I attended a meeting organised by the NFU about the Health and Harmony paper last week.
Held in a sports centre in Ware, this meeting attracted mainly Hertfordshire farmers and we had about 40 attendees, while an earlier meeting in Cambridgeshire got an audience of 70.
For such an incredibly important subject, these attendance figures were disappointing and even then only achieved by some very proactive work by local and regional NFU staff texting, emailing and ringing around members.
The presentation given by the head of the NFU’s Brexit team was very informative and candid.
It is vital with the closing date of the consultation period just10 days away that Defra gets as many submissions from farmers as possible.
Don’t leave it up to the NFU and other farming unions and associations, as their responses will only count as one submission.
You can find everything you need to respond to the consultation directly on the Defra website. Your response can either be through the government’s “Citizens’ space”, where you can complete a web-based questionnaire, or you can submit your own response by emailing Defra.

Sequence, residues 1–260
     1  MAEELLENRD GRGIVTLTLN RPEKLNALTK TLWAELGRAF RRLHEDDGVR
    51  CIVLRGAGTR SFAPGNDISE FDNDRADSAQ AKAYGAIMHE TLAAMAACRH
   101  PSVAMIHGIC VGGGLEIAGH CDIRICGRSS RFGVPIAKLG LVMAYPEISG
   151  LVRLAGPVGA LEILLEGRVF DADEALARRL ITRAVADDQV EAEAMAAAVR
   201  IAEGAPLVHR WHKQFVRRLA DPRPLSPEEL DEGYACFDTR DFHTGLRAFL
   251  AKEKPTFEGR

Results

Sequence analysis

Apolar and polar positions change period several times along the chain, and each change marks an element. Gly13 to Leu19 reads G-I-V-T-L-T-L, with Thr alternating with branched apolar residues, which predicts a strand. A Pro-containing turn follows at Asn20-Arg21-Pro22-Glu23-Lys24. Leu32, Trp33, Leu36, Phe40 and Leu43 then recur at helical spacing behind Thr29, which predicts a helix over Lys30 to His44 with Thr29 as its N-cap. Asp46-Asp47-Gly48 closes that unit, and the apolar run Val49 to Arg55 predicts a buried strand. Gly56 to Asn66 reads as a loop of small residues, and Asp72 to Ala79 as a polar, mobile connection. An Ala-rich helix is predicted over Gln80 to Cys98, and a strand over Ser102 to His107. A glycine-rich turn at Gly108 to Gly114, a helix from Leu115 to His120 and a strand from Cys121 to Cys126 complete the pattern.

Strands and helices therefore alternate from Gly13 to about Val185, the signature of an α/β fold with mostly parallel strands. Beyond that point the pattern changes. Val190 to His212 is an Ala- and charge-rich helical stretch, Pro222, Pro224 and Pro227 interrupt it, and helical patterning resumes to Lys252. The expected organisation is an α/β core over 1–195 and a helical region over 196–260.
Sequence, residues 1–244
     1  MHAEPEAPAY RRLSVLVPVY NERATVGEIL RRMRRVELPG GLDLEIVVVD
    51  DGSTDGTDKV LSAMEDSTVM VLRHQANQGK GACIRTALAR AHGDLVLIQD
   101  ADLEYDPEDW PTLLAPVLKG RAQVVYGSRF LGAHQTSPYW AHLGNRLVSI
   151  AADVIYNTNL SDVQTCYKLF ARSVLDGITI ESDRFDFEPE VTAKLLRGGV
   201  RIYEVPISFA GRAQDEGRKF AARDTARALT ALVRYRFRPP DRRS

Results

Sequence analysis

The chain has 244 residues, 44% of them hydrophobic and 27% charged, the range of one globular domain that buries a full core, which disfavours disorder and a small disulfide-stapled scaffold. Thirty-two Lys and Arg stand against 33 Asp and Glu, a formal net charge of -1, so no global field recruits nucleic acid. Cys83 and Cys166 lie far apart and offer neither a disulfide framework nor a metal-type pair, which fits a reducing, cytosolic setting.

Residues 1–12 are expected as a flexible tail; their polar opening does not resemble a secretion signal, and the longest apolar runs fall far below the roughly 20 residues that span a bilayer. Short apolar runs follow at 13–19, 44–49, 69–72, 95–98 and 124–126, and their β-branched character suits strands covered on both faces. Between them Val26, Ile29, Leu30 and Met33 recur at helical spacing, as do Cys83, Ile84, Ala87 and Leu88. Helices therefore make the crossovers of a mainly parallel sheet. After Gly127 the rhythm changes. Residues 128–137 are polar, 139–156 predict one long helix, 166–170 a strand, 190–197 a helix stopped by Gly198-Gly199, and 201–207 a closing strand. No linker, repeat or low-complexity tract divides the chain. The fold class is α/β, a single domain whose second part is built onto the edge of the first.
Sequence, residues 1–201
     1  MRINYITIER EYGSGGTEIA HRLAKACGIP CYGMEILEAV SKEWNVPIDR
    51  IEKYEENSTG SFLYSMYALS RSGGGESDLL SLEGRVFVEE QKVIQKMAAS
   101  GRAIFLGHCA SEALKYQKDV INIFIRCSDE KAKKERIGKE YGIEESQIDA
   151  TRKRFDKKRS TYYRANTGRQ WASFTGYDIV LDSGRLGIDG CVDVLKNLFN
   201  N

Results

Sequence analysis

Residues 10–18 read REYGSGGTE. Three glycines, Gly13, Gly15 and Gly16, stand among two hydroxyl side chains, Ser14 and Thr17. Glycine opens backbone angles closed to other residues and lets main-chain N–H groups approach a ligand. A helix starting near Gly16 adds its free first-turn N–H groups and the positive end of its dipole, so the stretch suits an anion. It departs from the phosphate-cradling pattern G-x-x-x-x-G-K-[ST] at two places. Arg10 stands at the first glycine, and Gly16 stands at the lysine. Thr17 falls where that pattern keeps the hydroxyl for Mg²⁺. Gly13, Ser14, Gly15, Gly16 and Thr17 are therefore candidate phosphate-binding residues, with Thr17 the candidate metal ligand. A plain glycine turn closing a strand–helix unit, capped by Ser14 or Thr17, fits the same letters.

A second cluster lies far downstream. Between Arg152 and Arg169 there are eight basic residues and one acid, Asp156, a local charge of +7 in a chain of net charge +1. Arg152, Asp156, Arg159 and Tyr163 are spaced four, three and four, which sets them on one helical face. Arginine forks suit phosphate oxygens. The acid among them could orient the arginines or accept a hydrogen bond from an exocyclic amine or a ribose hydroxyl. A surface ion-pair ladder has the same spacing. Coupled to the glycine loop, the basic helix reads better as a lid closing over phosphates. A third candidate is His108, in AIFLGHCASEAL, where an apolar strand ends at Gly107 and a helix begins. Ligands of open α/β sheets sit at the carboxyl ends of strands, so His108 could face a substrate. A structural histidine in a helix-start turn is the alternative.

Private versus public goods
There will be lots of submissions from NGOs, environmental groups and other organisations, so it is vital that we make our points of view heard.
I learned at the meeting that food production is considered to be private goods and not public goods.
An important point made is how farmers need to make all aware how much they are part of the rural fabric, and how much voluntary work they carry out by cutting hedges, verges and churchyards as well as things such as snow clearing and the seemingly daily task of dealing with fly-tipping.
It is just seven weeks now to the 2018 Cereals event we are hosting again at Chrishall Grange. We are busy establishing some 8ha of cover crops where growers will be able to see different mixes and several drills at work during the event.
This is a new venture for the event and one of many changes being implemented by the new organisers in seeking to make the event a “must-attend”.
Robert Law farms 1,700ha on the Hertfordshire, Cambridgeshire and Essex borders growing cereals, mustard, a range of forage crops for seed, sugar beet, up to 200ha of catchcrop stubble turnips and 300ha of grass supporting a flock of 2,500 ewes. All land farmed is in environmental stewardship schemes. He also manages 500ha of sandland in Nottinghamshire.